A direct relationship between the agronomical performance of field trees and the presence of a specific viroid or a viroid combination was not observed: apart from inducing tree dwarfing, CDVd infection of plants 7.4 and 9.5 (Table 1) incited just mild symptoms on the canopy of the acid lime 'Tahiti'. Silva (2007) analyzed the fruit quality and production of the same trees and did not observe any significant reduction. These results confirm that CDVd does not cause important phenotypic alterations and, therefore, that 7.4 and 9.5 could be interesting sources for citrus dwarfing (Owens et al., 1999). In contrast, the presence of CEVd and CDVd in samples 4.1 and 4.6 was associated with moderate and severe bark-cracking, respectively, and the three viroids (CEVd, HSVd and CDVd) in sample 10.4 with mild symptoms (Table 1). Despite displaying severe symptoms, tree 4.6 performed agronomically better regarding fruit quality and production (Silva, 2007).

There are few data on the effects incited by individual viroids in citrus grown under field conditions. In a field assay conducted for a 12-year period, Vernière et al. (2004) evaluated the effect of inoculating separately each citrus viroid (CEVd, HSVd, CBLVd, CDVd and CVd-IV) on symptom expression of 'Clementine' trees grafted on 'Trifoliate' orange. Their results indicate that citrus viroids can elicit a broad range of symptoms, from the severe scaling induced by CEVd and bark-cracking induced by CEVd, HSVd and CVd-IV, to minor effects on vegetative growth (dwarfing) and increase of yield per canopy volume induced by HSVd and CDVd. Stuchi et al. (2007) related that 'Marsh Seedless' grapefruit grafted on 'Trifoliate' orange trees, when separately inoculated with two viroid combinations (CEVd + HSVd + CDVd and HSVd + CDVd), showed fruit quality similar to healthy ones, but the strong effect on tree size (84% and 62% less canopy volume for the combinations with and without CEVd, respectively) resulted in low yield.

In conclusion, the differences in the severity of "Quebra-galho" symptoms among different trees is probably associated with the presence (or absence) of CEVd, with its interaction with other viroids perhaps determining the different phenotypes observed in the field. In agreement with our results, Murcia et al. (2007) detected only CEVd or CEVd plus CDVd in three trees of acid lime 'Tahiti' presenting severe bark-cracking ("Quebra-galho"), while in a survey analyzing 80 'Tahiti' trees, Silva (2007) found CEVd, HSVd and CDVd in different combinations, with all plants being at least infected by CEVd and approximately half by a mixture of CEVd and CDVd. Further assays are needed to establish the individual role of each viroid, or their combination, on the induction of bark-cracking symptoms characteristic of "Quebra-galho".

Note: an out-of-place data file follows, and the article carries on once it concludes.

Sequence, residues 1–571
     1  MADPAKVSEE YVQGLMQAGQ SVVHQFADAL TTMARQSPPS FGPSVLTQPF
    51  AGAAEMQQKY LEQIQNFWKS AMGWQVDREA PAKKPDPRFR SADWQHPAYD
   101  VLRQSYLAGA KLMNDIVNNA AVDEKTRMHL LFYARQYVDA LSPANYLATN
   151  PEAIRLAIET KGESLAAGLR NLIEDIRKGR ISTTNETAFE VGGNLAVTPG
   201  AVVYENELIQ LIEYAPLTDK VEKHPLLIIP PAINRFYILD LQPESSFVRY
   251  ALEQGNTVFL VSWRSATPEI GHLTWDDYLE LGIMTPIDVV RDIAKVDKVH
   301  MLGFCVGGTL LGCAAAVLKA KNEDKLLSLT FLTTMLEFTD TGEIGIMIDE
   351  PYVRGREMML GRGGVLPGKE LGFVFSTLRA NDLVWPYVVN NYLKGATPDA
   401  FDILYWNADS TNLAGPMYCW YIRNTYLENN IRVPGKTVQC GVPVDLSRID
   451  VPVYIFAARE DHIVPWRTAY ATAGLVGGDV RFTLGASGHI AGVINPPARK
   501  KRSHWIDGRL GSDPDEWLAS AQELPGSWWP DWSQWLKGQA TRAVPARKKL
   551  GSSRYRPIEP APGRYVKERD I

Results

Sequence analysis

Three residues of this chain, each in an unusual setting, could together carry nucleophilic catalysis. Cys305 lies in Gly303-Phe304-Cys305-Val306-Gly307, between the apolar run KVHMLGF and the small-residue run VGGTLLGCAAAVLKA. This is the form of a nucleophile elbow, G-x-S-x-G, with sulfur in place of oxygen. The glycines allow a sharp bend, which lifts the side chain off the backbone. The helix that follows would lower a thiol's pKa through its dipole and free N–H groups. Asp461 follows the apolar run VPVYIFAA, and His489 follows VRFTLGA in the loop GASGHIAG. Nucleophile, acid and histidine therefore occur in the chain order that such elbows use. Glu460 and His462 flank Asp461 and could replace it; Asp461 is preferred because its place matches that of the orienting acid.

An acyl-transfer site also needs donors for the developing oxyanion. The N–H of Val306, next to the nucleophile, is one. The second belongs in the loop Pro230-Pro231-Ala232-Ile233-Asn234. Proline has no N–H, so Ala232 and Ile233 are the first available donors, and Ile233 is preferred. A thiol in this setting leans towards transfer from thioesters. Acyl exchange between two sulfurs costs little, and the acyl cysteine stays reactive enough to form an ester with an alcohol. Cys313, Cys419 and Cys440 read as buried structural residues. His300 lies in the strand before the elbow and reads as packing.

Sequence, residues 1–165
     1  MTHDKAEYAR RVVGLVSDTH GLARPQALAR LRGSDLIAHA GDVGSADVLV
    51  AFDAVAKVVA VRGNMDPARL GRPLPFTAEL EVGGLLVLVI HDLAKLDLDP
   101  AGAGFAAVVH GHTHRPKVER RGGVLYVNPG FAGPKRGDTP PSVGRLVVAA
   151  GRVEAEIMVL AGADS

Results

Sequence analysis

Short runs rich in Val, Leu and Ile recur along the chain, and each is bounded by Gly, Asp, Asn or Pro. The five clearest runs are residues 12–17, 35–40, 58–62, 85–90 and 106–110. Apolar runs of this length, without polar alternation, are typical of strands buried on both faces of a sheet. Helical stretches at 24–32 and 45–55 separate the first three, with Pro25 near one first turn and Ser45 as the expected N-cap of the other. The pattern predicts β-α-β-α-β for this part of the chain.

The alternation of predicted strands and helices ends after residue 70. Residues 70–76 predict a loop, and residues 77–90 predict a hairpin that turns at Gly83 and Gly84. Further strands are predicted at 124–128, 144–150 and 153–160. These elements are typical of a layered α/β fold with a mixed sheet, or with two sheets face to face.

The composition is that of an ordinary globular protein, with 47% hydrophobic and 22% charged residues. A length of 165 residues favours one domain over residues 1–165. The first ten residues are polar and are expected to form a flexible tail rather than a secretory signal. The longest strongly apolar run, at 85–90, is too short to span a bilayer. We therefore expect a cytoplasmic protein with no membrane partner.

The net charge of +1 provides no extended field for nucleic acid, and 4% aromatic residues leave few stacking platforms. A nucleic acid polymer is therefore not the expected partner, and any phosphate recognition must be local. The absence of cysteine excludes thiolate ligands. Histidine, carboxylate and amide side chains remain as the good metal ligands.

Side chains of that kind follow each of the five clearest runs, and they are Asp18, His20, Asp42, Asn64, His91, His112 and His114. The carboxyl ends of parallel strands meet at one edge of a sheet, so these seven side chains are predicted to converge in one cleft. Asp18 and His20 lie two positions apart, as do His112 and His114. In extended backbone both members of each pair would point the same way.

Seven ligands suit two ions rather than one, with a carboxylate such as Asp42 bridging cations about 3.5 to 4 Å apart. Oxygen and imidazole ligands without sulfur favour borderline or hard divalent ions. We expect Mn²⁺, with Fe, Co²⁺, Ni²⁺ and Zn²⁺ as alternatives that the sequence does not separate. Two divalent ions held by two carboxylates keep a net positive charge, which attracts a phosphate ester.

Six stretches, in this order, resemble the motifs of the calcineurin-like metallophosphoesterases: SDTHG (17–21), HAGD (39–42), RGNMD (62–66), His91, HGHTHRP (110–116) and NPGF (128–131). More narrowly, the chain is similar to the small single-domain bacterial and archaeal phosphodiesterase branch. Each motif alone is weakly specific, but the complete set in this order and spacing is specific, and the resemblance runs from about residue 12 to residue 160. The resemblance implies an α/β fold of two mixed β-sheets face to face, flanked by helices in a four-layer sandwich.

The authors gratefully acknowledge financial support given by Conselho Nacional de Desenvolvimento Científico e Tecnológico - CNPq (Proc. 474522/2007-5). M. Eiras was supported by a Fundación Carolina (Madrid, Spain) research fellowship. Work in J.A.D. laboratory was supported by grants AGL2007-65653-C02-01 from Ministerio de Educación y Ciencia (Spain) and BIO2008-01986 from Ministerio de Ciencia e Innovación (MICINN, Spain), and work in R.F. laboratory by grants BFU2008-03154/BMC from MICINN and ACOMP/2010/278 from Generalitat Valenciana (Spain). We also thank Drs. N. Durán-Vila and P. Serra (IVIA, Moncada, Valencia, Spain) for kindly providing healthy citrus plants, citrus viroid markers and recombinant plasmids, and Dr. N. Durán-Vila for critical reading of the manuscript and excellent suggestions.



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Received 25 April 2010
Accepted 20 September 2010



Author for correspondence: Marcelo Eiras, e-mail:
TPP 123
Section Editor: F. Murilo Zerbini